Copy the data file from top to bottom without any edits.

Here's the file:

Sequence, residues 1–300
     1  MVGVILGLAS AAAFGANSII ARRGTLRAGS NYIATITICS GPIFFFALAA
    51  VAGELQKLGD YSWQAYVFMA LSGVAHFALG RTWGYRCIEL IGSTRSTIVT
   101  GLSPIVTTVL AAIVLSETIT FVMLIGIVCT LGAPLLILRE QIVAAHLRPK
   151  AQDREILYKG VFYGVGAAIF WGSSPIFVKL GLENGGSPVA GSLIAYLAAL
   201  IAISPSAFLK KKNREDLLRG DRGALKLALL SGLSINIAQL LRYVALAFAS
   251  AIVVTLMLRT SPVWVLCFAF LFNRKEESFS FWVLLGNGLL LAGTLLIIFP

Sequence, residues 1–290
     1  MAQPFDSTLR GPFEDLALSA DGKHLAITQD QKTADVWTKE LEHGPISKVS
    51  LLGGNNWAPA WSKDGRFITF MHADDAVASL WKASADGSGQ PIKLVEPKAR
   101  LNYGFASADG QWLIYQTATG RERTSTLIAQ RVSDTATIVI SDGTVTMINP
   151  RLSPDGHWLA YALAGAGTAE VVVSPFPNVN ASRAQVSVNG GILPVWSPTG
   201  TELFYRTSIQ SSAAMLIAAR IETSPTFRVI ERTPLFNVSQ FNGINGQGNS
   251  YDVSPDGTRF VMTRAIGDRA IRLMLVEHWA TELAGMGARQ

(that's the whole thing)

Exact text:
Sequence, residues 1–300
     1  MVGVILGLAS AAAFGANSII ARRGTLRAGS NYIATITICS GPIFFFALAA
    51  VAGELQKLGD YSWQAYVFMA LSGVAHFALG RTWGYRCIEL IGSTRSTIVT
   101  GLSPIVTTVL AAIVLSETIT FVMLIGIVCT LGAPLLILRE QIVAAHLRPK
   151  AQDREILYKG VFYGVGAAIF WGSSPIFVKL GLENGGSPVA GSLIAYLAAL
   201  IAISPSAFLK KKNREDLLRG DRGALKLALL SGLSINIAQL LRYVALAFAS
   251  AIVVTLMLRT SPVWVLCFAF LFNRKEESFS FWVLLGNGLL LAGTLLIIFP

Sequence, residues 1–290
     1  MAQPFDSTLR GPFEDLALSA DGKHLAITQD QKTADVWTKE LEHGPISKVS
    51  LLGGNNWAPA WSKDGRFITF MHADDAVASL WKASADGSGQ PIKLVEPKAR
   101  LNYGFASADG QWLIYQTATG RERTSTLIAQ RVSDTATIVI SDGTVTMINP
   151  RLSPDGHWLA YALAGAGTAE VVVSPFPNVN ASRAQVSVNG GILPVWSPTG
   201  TELFYRTSIQ SSAAMLIAAR IETSPTFRVI ERTPLFNVSQ FNGINGQGNS
   251  YDVSPDGTRF VMTRAIGDRA IRLMLVEHWA TELAGMGARQ